Sunday, October 19, 2008

On Being Tired

Blogging has been really slow lately, and with the homeschool blog awards coming up, Candy is less likely to do any posts on Catholicism until that is over. I am working on some articles for the feast of All Saints, and the feast of All Souls. But until then, I guess I'll just say I'm breaking you guys in for when I have the baby and don't go near the computer for a few weeks.

Instead of actually writing anything today, I wanted to point you to a post by Jen of Conversion Diary (formerly Et Tu?) who always makes me want to shout "Amen!"

This one is for all of you Catholic moms out there in the middle of bearing children . . .

It occurred to me recently that I spend a large percentage of my time being tired -- often really, really tired. These past few months have been worse than usual, this pregnancy bringing with it a crushing exhaustion that I haven't been able to shake. Even before this pregnancy, though, long stretches of feeling well rested have been few and far between ever since my first child was born. A certain amount of weariness just comes with the territory of building a family. . .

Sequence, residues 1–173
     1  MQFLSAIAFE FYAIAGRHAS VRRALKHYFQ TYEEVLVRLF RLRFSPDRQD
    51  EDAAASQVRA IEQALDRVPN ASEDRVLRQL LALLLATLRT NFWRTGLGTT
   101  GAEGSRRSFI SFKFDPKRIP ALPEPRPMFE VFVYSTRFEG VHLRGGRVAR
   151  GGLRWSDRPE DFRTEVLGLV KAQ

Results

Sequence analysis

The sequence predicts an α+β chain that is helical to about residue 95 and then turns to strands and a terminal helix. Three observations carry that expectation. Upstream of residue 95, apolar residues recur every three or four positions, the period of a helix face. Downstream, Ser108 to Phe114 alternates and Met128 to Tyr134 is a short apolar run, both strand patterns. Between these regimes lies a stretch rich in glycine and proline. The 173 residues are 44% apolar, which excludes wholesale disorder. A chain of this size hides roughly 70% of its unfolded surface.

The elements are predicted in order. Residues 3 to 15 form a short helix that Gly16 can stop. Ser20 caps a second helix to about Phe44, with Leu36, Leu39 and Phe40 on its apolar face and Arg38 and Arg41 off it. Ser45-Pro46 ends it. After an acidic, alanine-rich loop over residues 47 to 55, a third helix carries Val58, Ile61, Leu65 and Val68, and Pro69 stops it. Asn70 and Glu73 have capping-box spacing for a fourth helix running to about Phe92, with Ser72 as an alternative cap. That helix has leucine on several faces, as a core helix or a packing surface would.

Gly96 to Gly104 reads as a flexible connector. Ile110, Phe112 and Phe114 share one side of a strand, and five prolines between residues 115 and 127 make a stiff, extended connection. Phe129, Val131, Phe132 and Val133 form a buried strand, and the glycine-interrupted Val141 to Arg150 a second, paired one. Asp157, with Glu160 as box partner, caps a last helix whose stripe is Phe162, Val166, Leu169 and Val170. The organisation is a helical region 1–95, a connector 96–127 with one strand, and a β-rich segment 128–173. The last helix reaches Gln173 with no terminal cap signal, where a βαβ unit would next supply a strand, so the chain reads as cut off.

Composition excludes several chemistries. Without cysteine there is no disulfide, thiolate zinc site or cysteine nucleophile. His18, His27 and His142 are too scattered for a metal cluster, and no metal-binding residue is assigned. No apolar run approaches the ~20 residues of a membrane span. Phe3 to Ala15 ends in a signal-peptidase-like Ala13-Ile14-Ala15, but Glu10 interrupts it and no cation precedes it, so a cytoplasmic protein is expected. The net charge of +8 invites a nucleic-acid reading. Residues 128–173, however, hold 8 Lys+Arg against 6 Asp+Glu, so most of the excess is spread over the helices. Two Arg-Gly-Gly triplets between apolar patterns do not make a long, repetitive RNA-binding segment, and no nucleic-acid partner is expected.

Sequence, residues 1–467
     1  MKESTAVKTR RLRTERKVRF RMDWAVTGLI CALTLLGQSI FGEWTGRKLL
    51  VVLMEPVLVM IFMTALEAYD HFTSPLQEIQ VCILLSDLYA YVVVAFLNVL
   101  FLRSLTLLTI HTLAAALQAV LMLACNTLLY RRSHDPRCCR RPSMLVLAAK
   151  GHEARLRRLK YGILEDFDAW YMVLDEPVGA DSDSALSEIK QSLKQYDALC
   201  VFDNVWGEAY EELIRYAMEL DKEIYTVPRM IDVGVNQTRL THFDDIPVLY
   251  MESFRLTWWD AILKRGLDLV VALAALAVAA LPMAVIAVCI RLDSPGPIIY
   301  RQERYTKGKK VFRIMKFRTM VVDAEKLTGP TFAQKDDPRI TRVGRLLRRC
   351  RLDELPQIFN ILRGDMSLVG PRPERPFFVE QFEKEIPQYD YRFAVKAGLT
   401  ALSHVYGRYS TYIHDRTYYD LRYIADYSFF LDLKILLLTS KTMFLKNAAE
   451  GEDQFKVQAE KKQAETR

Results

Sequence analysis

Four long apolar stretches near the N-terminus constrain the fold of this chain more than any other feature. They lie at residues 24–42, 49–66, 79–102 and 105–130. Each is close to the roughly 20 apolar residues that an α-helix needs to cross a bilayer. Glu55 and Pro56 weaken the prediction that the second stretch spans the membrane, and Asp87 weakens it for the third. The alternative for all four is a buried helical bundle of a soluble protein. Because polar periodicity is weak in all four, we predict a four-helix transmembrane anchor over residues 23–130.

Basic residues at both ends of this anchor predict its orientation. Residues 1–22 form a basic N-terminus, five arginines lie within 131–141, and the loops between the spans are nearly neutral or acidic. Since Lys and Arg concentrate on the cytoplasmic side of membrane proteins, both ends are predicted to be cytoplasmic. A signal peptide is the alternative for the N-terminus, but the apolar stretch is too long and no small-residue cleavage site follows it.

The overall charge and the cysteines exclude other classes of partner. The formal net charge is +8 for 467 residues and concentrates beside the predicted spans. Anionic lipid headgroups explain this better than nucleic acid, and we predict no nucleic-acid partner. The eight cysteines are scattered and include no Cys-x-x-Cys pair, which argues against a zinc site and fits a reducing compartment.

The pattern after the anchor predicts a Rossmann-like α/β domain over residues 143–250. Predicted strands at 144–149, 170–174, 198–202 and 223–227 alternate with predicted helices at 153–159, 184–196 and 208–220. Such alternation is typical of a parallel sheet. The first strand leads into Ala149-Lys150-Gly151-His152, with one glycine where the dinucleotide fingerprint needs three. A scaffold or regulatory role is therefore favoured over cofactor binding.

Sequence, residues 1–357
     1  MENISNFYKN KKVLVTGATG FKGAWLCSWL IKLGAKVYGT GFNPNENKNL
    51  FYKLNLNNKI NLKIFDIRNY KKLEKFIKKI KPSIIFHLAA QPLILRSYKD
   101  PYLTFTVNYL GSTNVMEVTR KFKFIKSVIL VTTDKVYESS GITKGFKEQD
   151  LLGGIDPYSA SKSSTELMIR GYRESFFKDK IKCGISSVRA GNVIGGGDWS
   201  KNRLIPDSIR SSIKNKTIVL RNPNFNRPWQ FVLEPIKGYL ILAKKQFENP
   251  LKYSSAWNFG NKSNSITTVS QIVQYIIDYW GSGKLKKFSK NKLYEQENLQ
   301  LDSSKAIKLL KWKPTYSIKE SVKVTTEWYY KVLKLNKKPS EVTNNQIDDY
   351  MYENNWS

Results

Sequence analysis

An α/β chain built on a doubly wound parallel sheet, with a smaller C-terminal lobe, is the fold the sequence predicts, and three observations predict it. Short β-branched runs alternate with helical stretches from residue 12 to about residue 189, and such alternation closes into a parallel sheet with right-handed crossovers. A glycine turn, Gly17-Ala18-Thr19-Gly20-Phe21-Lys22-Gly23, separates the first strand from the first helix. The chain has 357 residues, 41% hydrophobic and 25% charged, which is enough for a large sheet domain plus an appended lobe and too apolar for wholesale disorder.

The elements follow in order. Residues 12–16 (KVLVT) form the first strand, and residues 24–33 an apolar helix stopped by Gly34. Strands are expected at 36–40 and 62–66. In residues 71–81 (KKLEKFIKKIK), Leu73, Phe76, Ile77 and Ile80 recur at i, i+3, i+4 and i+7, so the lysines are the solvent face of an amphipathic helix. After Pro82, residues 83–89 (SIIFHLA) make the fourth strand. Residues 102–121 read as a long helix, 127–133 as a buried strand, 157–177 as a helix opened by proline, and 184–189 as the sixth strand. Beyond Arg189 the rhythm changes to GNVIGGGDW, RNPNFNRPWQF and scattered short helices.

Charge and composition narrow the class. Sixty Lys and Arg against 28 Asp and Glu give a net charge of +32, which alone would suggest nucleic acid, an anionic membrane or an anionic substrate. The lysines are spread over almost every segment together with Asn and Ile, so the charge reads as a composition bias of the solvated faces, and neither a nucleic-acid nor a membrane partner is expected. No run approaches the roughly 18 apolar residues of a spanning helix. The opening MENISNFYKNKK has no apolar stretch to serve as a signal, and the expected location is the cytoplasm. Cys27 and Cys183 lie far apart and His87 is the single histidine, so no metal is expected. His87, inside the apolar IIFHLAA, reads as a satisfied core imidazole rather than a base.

As I leaned against the wall, I thought it was interesting that this is the life I want for my children.

I thought about how counterintuitive it is to say, "Hey, kids, I'm really freaking tired all the time because of the duties of my vocation, and I pray that in twenty or so years this will be your life, too!" I can see why so many of the Baby Boomers and their parents adopted the mentality that the best life you could give your kids is one of physical ease and personal freedom to do whatever you feel like doing -- after all, that's a whole lot more comfortable. Surely a "good" life would involve more relaxation than work, more pleasure than sacrifice, more amusement than perseverance.

Go read the rest.

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1 comment:

kritterc said...

Kelly - I read it. It is so true. As a fairly new grandmother (oldest grandchild is three) I want to tell you that the work is worth it. Especially when your daughter or son comes to you and says "I want to be the kind of parent you were." Peace and Blessings.